Sunday 29 March 2020

djia = ฯƒp/d

Having muddled through the Asian Financial Crisis of 1997 and the collapse of the Russian rouble the following year, the US stock market index the Dow Jones Industrial Average, that gauges the performance of a select thirty large, publicly listed companies, on this day in 1999 a celebration was held on the trading floor when for the first time the Dow closed above ten thousand points.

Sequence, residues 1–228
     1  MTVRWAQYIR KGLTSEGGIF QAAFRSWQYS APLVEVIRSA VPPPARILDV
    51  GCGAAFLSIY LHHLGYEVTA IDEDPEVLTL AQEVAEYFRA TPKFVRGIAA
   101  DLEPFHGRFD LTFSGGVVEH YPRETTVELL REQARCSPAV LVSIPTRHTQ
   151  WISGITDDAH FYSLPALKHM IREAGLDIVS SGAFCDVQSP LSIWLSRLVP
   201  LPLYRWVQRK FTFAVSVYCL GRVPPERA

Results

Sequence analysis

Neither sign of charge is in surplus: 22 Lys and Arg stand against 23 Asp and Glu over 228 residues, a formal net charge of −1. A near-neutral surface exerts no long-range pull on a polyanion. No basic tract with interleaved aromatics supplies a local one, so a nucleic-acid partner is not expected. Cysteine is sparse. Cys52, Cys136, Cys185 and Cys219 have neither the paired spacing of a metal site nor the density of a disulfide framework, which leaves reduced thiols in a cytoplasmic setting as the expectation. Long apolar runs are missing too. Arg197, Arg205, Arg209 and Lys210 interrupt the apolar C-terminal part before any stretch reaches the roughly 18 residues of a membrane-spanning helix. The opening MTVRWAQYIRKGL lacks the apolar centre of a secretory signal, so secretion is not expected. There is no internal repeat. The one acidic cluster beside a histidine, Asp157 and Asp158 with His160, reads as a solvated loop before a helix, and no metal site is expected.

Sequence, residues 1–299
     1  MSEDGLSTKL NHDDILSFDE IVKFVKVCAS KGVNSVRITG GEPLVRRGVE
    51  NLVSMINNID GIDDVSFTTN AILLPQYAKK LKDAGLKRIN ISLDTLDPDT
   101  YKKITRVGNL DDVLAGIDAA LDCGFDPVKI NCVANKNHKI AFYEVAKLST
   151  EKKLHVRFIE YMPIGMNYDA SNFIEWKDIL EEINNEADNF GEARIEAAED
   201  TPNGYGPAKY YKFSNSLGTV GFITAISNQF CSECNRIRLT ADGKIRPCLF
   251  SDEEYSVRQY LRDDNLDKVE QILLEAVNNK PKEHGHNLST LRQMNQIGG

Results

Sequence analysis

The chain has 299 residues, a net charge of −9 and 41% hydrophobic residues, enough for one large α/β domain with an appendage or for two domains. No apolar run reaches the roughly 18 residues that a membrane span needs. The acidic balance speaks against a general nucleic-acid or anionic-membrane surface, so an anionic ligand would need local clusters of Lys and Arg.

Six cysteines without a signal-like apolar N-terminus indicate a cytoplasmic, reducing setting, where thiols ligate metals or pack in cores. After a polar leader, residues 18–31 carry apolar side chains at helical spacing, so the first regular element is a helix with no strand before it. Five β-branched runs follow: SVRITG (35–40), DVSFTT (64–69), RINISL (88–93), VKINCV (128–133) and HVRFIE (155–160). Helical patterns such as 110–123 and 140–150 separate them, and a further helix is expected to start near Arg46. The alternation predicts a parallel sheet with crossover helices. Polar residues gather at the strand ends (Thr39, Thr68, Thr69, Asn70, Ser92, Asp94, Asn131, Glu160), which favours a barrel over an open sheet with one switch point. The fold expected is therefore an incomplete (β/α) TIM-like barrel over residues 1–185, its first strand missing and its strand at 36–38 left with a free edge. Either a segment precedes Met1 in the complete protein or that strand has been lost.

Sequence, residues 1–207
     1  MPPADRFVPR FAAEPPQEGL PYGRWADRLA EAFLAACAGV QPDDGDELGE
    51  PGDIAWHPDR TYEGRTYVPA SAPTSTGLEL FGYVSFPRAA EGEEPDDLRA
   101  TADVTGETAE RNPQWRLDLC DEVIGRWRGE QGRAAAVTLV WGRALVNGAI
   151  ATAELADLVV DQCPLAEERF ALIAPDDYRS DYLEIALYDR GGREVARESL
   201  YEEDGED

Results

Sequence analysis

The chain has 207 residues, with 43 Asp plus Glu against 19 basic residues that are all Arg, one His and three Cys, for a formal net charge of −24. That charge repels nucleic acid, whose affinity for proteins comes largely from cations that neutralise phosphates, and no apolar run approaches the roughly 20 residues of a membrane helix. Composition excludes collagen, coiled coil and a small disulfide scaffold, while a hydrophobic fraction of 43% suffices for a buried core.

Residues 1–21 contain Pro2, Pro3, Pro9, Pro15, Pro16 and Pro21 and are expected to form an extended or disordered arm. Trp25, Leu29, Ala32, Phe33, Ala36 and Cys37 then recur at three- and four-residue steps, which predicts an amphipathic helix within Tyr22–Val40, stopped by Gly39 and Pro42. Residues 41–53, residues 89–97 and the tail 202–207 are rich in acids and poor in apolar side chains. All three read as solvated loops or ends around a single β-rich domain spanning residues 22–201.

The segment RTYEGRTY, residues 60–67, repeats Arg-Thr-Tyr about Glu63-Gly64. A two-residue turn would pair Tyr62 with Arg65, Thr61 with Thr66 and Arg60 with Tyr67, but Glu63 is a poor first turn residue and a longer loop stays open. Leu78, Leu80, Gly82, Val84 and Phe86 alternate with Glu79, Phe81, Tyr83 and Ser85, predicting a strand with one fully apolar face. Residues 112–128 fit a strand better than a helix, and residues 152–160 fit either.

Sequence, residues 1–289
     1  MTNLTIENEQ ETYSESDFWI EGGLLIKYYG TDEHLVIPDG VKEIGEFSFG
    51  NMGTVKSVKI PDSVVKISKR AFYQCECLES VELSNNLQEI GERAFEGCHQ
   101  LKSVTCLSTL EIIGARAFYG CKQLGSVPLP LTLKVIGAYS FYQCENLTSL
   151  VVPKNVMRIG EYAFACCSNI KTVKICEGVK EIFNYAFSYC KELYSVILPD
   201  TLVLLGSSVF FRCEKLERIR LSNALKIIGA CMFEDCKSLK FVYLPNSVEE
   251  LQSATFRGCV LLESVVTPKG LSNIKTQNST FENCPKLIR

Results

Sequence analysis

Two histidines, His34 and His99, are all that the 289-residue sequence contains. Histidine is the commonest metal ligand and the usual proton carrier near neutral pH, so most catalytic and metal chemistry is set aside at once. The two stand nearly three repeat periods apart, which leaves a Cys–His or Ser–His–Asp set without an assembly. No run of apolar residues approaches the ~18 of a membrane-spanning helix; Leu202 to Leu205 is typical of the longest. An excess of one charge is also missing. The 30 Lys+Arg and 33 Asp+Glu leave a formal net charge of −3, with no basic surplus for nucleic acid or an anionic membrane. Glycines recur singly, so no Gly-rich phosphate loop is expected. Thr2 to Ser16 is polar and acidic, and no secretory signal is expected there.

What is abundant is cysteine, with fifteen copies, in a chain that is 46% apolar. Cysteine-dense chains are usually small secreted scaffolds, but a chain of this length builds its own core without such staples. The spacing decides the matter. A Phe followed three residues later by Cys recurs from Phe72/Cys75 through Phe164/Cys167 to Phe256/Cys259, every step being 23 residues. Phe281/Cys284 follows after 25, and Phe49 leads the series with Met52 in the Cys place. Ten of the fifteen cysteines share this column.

Bolstered by faith in a strong dollar—the world’s reserve currency—and mergers in the petroleum industry and what was decried presciently by some as an “irrational exuberance” in the seemingly unbridled technology sector, investors at the time would scarcely realise that they were partying at the apex (or nadir, depending on one’s point of view) of the Dot Com Bubble. The speculation fuelled growth peaked in March 2000, once borrowing became more expensive and credit tighter when national banks changed their lending practises once the industry had weathered y2k without significant disruption, before surrendering a gain of nearly four hundred percent by October 2002.